DECLARE v_outer1 INT;
    DECLARE v_outer2 INT;
        DECLARE v_inner1 INT;
        DECLARE v_inner2 INT;
        SET v_outer1 = 100;   --(1) -- success
        SET v_inner1 = 200;
    END L2;
    SET v_outer2 = 300;
    SET v_inner2 = 400;    --(2)  -- fail

Attempting to build this SQL procedure gives you the following error message: DB2ADMIN.VAR_SCOPE: 12: "V_INNER2" is not valid in the context where it is used.. SQLCODE=-206, SQLSTATE=42703, DRIVER=3.50.152

Note that statement (1) passes successfully as v_outer1 and is declared outside of the compound statement, but statement (2) fails because v_inner2 is not declared outside of the compound statement.

Nested stored procedures

Invoking nested procedures

DB2 supports the CALL statement to invoke one procedure from another (referred to as a nesting store procedures).

The following diagram illustrates the CALL statement syntax:

Listing 6. CALL statement syntax
                         |    .-,--------------.    |
                         |    V                |    |

Note that DB2 is strongly typed and parameters types in the CALL statement need to be compatible with parameters in the CREATE PROCEDURE statement of the calling stored procedure. The nth argument of the CALL statement corresponds to the nth parameter defined in the CREATE PROCEDURE statement for the procedure.

Listing 7 demonstrates this relation:

Listing 7. Correlation of CALL statement to CREATE PROCEDURE statement
CREATE PROCEDURE NESTA (p1 int, p2 char(10), OUT p3 INT)
 SQL Statements

Now, call this procedure from another one:

Listing 8. Calling procedure
DECLARE v_v1 varchar(10);
DECLARE v_res INT default 0;

--- SQL statements and variable assignments

CALL nesta(10, v_v1, v_res);

In summary, here are the rules for passing parameters to stored procedure:

  • Variables and parameters are strongly typed (they must match)
  • Local variables are matched to the stored procedure by their position
  • All parameters must have a value
  • Overloaded procedures are determined by the number of parameters

Retrieving return codes

In nested stored procedures, the RETURN statement is used to immediately terminate an SQL procedure by returning the flow of control to the caller of the stored procedure. The RETURN statement can also pass an INTEGER value back to the calling stored procedure. If no value has been provided, the default value is 0.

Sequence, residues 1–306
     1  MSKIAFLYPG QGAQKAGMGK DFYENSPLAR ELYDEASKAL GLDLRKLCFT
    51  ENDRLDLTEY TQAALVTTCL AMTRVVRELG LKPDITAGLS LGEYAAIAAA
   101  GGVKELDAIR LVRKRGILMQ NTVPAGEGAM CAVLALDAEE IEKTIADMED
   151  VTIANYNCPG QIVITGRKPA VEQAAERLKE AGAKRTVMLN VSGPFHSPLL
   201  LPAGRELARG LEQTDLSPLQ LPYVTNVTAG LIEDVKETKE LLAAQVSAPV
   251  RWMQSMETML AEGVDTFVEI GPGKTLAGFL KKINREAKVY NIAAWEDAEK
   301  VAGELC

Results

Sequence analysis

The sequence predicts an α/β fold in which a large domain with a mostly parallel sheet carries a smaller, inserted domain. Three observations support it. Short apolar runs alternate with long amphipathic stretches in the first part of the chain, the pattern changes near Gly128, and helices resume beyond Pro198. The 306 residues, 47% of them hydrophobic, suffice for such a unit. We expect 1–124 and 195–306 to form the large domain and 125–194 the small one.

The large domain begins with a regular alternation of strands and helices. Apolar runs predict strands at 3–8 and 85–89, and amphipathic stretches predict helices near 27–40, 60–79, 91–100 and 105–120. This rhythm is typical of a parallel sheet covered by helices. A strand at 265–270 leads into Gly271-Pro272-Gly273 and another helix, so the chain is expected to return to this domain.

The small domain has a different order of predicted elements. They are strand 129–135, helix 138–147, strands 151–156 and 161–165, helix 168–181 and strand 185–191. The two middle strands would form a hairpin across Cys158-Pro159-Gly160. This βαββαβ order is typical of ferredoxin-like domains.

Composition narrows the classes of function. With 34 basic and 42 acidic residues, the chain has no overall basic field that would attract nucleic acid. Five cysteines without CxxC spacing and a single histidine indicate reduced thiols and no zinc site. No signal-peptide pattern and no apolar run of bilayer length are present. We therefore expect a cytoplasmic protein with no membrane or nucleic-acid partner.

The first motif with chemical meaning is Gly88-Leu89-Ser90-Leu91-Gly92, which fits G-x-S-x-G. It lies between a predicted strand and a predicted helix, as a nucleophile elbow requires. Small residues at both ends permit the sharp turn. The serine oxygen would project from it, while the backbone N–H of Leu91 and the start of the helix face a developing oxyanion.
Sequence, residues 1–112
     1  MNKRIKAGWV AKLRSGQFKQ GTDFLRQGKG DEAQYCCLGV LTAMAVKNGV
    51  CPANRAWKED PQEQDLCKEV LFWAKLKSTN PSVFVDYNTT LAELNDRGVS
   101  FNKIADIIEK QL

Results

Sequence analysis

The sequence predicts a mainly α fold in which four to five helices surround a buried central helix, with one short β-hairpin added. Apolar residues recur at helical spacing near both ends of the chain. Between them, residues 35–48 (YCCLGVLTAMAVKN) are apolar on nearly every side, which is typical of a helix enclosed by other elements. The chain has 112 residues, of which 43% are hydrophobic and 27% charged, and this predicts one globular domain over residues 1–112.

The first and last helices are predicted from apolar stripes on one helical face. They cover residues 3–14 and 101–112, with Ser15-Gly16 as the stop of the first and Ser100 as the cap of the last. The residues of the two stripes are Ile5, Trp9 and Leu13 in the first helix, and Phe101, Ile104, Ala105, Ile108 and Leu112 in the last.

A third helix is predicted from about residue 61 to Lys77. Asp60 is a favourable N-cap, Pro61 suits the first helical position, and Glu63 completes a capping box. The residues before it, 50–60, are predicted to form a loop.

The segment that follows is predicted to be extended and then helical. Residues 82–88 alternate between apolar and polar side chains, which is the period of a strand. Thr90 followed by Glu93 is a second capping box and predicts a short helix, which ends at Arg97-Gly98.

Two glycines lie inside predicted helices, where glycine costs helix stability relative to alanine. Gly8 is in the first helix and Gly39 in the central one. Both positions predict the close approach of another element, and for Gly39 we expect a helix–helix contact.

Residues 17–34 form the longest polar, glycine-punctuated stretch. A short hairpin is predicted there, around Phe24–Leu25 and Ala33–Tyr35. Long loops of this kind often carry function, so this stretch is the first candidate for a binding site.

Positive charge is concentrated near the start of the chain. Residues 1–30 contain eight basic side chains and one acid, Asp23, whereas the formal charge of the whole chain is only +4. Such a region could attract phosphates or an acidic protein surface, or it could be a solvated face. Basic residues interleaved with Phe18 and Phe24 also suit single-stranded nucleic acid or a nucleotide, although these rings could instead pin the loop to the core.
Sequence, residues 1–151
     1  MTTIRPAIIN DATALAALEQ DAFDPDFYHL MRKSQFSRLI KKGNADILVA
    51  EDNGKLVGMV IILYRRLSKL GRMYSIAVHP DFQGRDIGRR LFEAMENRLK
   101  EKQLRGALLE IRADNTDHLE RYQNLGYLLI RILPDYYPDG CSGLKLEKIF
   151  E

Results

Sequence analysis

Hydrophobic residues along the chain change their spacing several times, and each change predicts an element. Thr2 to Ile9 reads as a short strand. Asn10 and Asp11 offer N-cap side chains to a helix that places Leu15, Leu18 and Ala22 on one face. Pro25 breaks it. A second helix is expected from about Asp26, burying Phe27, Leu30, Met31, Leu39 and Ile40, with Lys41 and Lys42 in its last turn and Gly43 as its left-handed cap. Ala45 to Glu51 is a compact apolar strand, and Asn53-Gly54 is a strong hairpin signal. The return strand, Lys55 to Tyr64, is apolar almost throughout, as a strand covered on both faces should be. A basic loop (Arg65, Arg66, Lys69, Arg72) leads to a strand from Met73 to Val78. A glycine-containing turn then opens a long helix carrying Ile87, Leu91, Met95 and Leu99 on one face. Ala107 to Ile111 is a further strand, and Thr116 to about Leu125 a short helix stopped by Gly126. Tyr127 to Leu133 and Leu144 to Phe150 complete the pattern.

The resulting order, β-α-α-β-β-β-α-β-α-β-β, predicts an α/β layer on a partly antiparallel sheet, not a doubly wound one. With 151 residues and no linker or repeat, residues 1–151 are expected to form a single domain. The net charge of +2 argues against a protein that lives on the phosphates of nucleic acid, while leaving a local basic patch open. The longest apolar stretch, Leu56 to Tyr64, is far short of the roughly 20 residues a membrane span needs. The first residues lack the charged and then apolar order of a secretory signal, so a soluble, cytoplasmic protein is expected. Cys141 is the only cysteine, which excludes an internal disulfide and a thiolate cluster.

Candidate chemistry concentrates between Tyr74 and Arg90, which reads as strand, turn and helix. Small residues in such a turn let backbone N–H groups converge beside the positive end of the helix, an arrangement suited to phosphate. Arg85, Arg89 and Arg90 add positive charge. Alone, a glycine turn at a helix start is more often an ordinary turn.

DB2 supports the GET DIAGNOSTIC statement to obtain information about a previously executed CALL statement as the listing below illustrates.


The following examples illustrate how to use RETURN and the GET DIAGNOSTICS statements.

For example, suppose you have two different stored procedures:

Listing 9. Different stored procedures
  set v1 = 10;

  set v1 = 5;
  return 2;  

Now, call those stored procedures and check the respective DB2_RETURN_STATUS:

Listing 10. Calling stored procedures and checking DB2_RETURN_STATUS
CREATE PROCEDURE NEST_DIAGN (out ret_code1 int, out ret_code2 int  )
	DECLARE val1 INT default 0;
	call test2(val1);
	call test1(val1);

If you execute the NEST_DIAGN stored procedure from the DB2 command line, you get the following results:

Listing 11. Result of executing the NEST_DIAGN stored procedure from the DB2 command line
C:\Program Files\IBM\SQLLIB\BIN>db2 call nest_diagn(?,?)

  Value of output parameters
  Parameter Name  : RET_CODE1
  Parameter Value : 2

  Parameter Name  : RET_CODE2
  Parameter Value : 0

  Return Status = 0

Please note that you need to DECLARE a variable that will be accepting the value from DB2_RETURN_STATUS.

Sharing data between stored procedures

The previous examples show how stored procedures can share data using parameters and the RETURN statement. Now, let's examine how 2 (or more) stored procedures can share the same result set from a cursor.

Procedure result_from_cursor gets a name, job description, commission and location for each worker from the STAFF and ORG tables for a particular department:

Listing 12. Example of procedure to return result set
CREATE PROCEDURE result_from_cursor (deptin int)
	-- Declare cursor
		SELECT a.name, a.job, COALESCE(a.comm,0), b.location
		 FROM staff a, org b
		 where a.dept = b.deptnumb
		  AND  a.dept = deptin; 

	OPEN cursor1;

For example, for department 51, you get the following result set:

Listing 13. Result set for department 51
  --------- ----- --------------- ------------- 
  Fraye     Mgr              0.00 Dallas       
  Williams  Sales          637.65 Dallas         
  Smith     Sales          992.80 Dallas         
  Lundquist Clerk          189.65 Dallas         
  Wheeler   Clerk          513.30 Dallas

Now you want to use the result set from this stored procedure (without storing it in temporary or permanent table) in another stored procedure.

DB2 permits an outer stored procedure to use a result set from an inner one. Here is what you need to do:

  • Declare a result set locator using the following syntax: